# Non geodisic motion

emanaly
What is non geodesic motion?

## Answers and Replies

Homework Helper
Obvious definition- motion that does not follow a geodesic! In relativity, geodesics are the paths followed by objects with no "outside" forces acting on them (gravity not being considered an "outside" force here) so non-geodesic motion is motion with no outside forces.

Just to elaborate quickly on what HallsofIvy said: in general relativity, the world line of a (nonspinning) test particle is a geodesic, i.e. a curve with zero path curvature. More generally, the path curvature at any event on some world line is just the magnitude of acceleration experienced by the corresponding particle. For example, a charged particle in an "electrovacuum solution" of the Einstein field equation (EFE) will experience a nonzero Lorentz force, whose magnitude (at each event on the world line of the particle) agrees with the path curvature.

non-geodesic motion is motion with no outside forces.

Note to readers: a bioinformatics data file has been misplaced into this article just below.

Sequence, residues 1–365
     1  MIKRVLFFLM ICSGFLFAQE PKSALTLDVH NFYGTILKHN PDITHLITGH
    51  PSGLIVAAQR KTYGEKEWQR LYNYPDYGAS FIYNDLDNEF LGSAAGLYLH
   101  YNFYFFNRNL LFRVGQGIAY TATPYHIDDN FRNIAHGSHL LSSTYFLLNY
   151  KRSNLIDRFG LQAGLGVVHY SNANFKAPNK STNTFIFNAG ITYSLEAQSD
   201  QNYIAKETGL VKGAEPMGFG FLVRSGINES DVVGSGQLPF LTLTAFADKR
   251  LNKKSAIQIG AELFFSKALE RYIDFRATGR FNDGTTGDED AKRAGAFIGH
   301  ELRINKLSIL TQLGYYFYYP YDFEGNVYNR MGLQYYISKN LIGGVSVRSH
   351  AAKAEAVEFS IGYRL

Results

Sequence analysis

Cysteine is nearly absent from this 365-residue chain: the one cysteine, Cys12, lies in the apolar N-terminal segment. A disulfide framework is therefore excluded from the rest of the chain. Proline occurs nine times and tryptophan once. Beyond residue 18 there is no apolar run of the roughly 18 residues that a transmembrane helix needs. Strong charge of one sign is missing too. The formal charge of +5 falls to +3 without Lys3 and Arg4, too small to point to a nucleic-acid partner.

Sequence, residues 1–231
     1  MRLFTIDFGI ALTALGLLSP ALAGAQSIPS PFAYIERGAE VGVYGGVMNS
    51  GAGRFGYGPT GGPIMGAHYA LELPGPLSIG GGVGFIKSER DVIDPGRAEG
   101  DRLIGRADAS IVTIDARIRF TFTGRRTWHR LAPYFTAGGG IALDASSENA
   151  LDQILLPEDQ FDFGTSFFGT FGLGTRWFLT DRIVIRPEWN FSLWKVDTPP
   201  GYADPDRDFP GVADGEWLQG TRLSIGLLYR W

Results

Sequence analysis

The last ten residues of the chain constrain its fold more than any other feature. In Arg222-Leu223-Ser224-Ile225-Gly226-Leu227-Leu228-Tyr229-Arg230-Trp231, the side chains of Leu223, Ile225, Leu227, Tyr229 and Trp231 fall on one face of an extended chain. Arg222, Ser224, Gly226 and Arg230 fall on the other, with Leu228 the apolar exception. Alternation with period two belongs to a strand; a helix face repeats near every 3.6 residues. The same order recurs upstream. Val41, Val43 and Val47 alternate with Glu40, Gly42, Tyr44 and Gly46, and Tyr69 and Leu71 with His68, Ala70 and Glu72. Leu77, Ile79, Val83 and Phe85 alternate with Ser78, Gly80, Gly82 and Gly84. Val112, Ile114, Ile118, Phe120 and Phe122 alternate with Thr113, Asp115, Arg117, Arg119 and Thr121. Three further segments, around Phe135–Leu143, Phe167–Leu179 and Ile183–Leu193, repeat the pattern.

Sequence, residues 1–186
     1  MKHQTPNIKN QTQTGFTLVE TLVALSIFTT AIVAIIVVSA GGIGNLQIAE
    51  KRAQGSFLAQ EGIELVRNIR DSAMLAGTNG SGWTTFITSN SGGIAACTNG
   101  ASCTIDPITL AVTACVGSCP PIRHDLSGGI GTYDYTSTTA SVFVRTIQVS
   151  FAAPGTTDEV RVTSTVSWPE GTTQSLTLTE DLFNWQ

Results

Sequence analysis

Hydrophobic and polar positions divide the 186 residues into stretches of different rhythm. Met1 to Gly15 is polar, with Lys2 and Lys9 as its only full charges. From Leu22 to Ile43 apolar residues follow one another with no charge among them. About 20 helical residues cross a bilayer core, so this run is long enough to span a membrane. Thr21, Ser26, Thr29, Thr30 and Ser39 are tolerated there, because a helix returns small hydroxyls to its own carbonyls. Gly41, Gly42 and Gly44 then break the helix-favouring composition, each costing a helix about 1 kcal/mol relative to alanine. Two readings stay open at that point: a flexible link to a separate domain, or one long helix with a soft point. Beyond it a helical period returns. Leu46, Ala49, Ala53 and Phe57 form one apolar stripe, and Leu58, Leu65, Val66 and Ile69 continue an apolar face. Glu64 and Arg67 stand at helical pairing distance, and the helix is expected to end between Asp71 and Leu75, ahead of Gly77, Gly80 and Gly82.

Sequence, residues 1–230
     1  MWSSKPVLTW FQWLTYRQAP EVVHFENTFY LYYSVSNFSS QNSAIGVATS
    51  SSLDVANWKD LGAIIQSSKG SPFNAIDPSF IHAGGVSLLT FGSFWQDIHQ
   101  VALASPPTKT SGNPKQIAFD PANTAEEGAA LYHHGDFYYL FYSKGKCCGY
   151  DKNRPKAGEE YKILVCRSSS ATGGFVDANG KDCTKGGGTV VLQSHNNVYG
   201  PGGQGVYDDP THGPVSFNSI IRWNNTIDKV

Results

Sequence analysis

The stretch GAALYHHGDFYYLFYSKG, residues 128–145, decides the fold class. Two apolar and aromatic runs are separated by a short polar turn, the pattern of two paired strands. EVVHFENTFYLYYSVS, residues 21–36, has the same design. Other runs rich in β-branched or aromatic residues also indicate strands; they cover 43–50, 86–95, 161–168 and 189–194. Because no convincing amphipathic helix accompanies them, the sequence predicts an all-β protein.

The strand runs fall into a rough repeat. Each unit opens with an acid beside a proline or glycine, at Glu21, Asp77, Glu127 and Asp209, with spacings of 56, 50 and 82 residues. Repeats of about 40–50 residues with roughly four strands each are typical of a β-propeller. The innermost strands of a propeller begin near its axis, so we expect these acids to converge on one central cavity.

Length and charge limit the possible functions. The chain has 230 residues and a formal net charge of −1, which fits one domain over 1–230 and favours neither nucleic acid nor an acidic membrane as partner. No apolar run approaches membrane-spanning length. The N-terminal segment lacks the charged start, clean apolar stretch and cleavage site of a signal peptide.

I'm guessing you meant either "geodesic motion is motion with no outside forces" or else "non-geodesic motion is motion with outside forces"?

Good catch, JesseM, I missed that! But I am sure HallsofIvy simply mistyped.

emanaly
Just to elaborate quickly on what HallsofIvy said: in general relativity, the world line of a (nonspinning) test particle is a geodesic, i.e. a curve with zero path curvature. More generally, the path curvature at any event on some world line is just the magnitude of acceleration experienced by the corresponding particle. For example, a charged particle in an "electrovacuum solution" of the Einstein field equation (EFE) will experience a nonzero Lorentz force, whose magnitude (at each event on the world line of the particle) agrees with the path curvature.

Why spinning particles don't have a geodesic path?